Ironically, Solo is now considered almost a classic in artistic circles and remains (in)famous as much as a test case for censorship and classification as an obscene piece of filmmaker. An examination of films banned or classified RI 8+ by the CAB over the decades demonstrates the changing concerns that govern a film’s release, many with reference to influence on youth. On Australian television, cultural considerations sometimes augment classification and warnings.
On BBC n” and CBS TV, warnings are issued prior to viewing particular content in relation to Indigenous Australian culture, such as: “ Aboriginal and Tortes Strait Islander viewers are advised that the allowing program contains images and voices of people who have died. ”  This respects the Indigenous Australian custom of honoring the deceased by not directly naming a person after death which in modern times has come to include the avoidance of the broadcast or publication of images and recordings of the deceased. 4] Most recently in Australia there was controversy when an Australian Radio personality made a prank phonically to the nurse of Kate Middleton in relation to her being pregnant; the incident Went bad and the nurse had committed suicide. After the arrival of film technology in the late sass’s Australia accepted the ewe invention enthusiastically, and experienced a time of swift development in the industry. The Australian film industry became one of the most influential film industries in the world. In the very early part of the 20th century there was a full length movie of, The Story of the Kelly Gang by the Await Brothers.
Unfortunately authorities at the time did not approve of the bushmaster stories and it was banned in Victoria, South Australia and New South Wales for five years. This film was done during the silent period. In 191 1 Australian produced more feature films than any other country. American and British companies took over distribution and often they would not show local films, from 1922 – 23 the vast majority of films were from America. Between 1 952 and 1966 there were an average of two films made in Australia.
In 1 956 with the advent of Television the film industry felt threatened, but as it turned out, the Australian requirements which were compulsory for advertising standards provided more opportunities for film makers because commercials shown on television where to be filmed in Australia by Australians. Australian film industry was not going to well under the old-fashioned rule of rime Minister Robert Enemies, the film industry was damaged between the 1959 – 56 the were no feature films were produced the industry was compromised due to the lack of government understanding and American cultural imperialism and productions by foreigners.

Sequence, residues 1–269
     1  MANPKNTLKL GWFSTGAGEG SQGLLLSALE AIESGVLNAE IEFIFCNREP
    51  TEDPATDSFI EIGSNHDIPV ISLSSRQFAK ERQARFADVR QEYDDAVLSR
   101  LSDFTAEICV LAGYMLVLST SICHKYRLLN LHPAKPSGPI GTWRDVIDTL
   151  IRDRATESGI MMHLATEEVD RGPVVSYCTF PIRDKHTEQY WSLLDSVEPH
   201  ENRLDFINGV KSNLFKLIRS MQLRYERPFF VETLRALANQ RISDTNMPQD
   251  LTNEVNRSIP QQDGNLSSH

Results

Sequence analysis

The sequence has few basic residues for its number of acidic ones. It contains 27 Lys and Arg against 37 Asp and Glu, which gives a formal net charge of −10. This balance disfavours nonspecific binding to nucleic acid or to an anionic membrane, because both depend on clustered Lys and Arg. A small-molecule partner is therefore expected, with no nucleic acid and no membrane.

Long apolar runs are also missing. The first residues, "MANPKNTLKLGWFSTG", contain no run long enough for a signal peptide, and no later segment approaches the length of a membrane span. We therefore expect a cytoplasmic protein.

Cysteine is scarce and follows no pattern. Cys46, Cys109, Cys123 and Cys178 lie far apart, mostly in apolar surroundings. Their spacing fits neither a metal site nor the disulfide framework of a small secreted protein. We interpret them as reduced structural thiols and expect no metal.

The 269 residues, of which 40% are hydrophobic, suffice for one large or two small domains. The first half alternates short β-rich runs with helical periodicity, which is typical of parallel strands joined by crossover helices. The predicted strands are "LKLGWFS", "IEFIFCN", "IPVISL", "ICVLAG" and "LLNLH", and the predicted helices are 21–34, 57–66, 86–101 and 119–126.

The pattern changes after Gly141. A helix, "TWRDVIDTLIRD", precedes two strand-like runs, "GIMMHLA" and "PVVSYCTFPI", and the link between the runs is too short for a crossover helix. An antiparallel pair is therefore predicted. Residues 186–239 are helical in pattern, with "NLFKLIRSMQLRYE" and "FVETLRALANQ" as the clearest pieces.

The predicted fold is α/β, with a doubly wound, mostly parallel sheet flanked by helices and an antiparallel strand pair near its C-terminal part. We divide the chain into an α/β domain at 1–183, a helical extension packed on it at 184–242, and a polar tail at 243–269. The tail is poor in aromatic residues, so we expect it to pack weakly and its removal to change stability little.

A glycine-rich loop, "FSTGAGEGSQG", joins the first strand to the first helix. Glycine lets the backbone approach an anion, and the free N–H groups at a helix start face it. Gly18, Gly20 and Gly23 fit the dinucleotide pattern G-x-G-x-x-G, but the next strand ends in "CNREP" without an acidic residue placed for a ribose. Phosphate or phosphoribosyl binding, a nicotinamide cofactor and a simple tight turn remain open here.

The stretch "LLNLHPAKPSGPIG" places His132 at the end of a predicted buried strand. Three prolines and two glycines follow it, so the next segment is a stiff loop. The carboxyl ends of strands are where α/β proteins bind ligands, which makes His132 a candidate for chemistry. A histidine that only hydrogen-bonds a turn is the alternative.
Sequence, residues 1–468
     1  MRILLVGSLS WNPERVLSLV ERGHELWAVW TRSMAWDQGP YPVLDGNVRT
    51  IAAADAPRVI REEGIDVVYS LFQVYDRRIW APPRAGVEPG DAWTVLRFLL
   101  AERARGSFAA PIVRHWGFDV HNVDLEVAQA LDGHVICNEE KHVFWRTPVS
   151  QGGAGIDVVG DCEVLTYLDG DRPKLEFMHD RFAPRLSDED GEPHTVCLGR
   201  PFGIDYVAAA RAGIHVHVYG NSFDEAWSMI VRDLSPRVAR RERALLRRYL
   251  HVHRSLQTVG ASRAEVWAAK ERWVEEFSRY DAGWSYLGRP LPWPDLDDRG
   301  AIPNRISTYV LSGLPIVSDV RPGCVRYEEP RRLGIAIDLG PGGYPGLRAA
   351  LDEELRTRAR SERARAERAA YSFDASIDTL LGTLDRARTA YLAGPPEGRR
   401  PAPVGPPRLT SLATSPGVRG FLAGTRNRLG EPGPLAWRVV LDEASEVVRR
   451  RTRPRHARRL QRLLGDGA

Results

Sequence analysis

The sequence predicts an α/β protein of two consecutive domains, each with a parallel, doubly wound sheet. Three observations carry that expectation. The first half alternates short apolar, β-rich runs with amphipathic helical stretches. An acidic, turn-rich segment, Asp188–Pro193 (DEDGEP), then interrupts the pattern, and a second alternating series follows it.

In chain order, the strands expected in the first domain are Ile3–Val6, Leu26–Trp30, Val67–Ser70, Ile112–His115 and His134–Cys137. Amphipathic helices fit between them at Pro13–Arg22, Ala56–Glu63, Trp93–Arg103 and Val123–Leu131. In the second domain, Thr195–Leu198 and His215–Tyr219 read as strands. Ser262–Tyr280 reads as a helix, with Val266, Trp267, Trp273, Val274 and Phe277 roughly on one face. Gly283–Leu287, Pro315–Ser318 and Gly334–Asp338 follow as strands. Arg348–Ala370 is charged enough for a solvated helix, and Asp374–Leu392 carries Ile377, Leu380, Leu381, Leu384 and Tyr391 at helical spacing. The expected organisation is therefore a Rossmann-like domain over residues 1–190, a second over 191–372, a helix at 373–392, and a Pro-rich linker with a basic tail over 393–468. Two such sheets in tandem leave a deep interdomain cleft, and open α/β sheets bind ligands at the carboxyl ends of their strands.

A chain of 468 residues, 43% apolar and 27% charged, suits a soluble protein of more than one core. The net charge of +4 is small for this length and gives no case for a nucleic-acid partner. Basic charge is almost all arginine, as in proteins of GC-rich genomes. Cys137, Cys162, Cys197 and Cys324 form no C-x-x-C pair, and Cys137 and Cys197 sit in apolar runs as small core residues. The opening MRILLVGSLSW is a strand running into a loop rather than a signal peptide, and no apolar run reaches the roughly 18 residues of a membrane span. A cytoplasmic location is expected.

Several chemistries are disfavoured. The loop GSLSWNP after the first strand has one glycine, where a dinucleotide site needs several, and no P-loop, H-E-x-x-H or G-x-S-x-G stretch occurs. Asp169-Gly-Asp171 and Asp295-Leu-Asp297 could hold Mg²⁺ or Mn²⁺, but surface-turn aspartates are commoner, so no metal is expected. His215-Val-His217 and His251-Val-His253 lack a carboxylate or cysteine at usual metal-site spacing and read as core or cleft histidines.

Prime Minister John Gorton revived the film industry and created the Australian Film Development Corporation and injects one hundred thousand dollars in the fund which creates the Australian Film and Television School (AFT S, which opened in 1973 between 1 970 and 1 985 Australia produced over 400 feature film which was more than ever before and also new talented reducers, such as, Peter Weir, Fred Sheepish and Phil Nonce, actors emerged to name a few, Mel Gibson, Judy Davis and Sam Neil.
The Australian Classification Board (CAB) says that the three essential principles for the Boards Classification systems, * The importance of context * Assessing Impact * The Six classifiable elements 1) Themes 2) Violence 3) sex 4) Language 5) Drug Use 6) Nudity The CAB criteria reflect the concerns of a modern society that classes the risk of depiction of language, drug use and nudity to be less than that of themes, violence and sex. 1908 Theatre and Public Halls Act, This was done in response to the belief hat films were causing a rise in Juvenile behavior.
Public demand for wider regulations were based on the view that the cinema was exceptionally bad influence for people in society and that people deemed to have a low self control would copy what was on screen. Due to Australia’s history on censorship a lot of films have tried to come into this country illegally. Through out the Twentieth century, and even earlier, we can go as far back as Plato people have attempted to publicly control and even censor access to various artifacts of mass culture; this includes poetry, music, movies, film, elevation, comic books and books.
There reason is to protect young persons from perceived effects and to promote standards founded on Christian principles. In Australia the Classification in its early stages Of the Twentieth century were done by the police. Australia’s film history can be dated back to the late 19th century. Every country has it’s own censorship system. In some countries censorship can be promoted by its own value system.
China is influenced by politics, Saudi Arabia by religion there was an uproar from the Middle East and even threats to producers if the showed the face of one of there prophets Mohammed on South park. Cultural and historical factors also affect how a government treats it’s citizens to what access is available to them. Some European countries have virtually no restrictions on what films can be seen but there seems to be a universal ban on films that exploit children sexually.